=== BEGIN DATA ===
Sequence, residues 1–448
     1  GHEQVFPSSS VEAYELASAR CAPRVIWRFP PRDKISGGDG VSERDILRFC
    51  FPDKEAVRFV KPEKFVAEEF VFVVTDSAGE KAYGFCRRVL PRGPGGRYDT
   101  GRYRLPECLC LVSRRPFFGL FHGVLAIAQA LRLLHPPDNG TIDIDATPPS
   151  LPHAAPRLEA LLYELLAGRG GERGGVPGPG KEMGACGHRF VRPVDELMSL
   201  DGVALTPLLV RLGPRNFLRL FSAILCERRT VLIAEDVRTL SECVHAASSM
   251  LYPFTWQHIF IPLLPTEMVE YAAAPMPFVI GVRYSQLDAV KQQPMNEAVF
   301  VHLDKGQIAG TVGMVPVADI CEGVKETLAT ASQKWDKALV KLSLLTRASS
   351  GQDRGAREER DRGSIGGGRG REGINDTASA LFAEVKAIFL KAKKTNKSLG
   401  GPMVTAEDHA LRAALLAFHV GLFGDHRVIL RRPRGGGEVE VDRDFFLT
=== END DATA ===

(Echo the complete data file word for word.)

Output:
Sequence, residues 1–448
     1  GHEQVFPSSS VEAYELASAR CAPRVIWRFP PRDKISGGDG VSERDILRFC
    51  FPDKEAVRFV KPEKFVAEEF VFVVTDSAGE KAYGFCRRVL PRGPGGRYDT
   101  GRYRLPECLC LVSRRPFFGL FHGVLAIAQA LRLLHPPDNG TIDIDATPPS
   151  LPHAAPRLEA LLYELLAGRG GERGGVPGPG KEMGACGHRF VRPVDELMSL
   201  DGVALTPLLV RLGPRNFLRL FSAILCERRT VLIAEDVRTL SECVHAASSM
   251  LYPFTWQHIF IPLLPTEMVE YAAAPMPFVI GVRYSQLDAV KQQPMNEAVF
   301  VHLDKGQIAG TVGMVPVADI CEGVKETLAT ASQKWDKALV KLSLLTRASS
   351  GQDRGAREER DRGSIGGGRG REGINDTASA LFAEVKAIFL KAKKTNKSLG
   401  GPMVTAEDHA LRAALLAFHV GLFGDHRVIL RRPRGGGEVE VDRDFFLT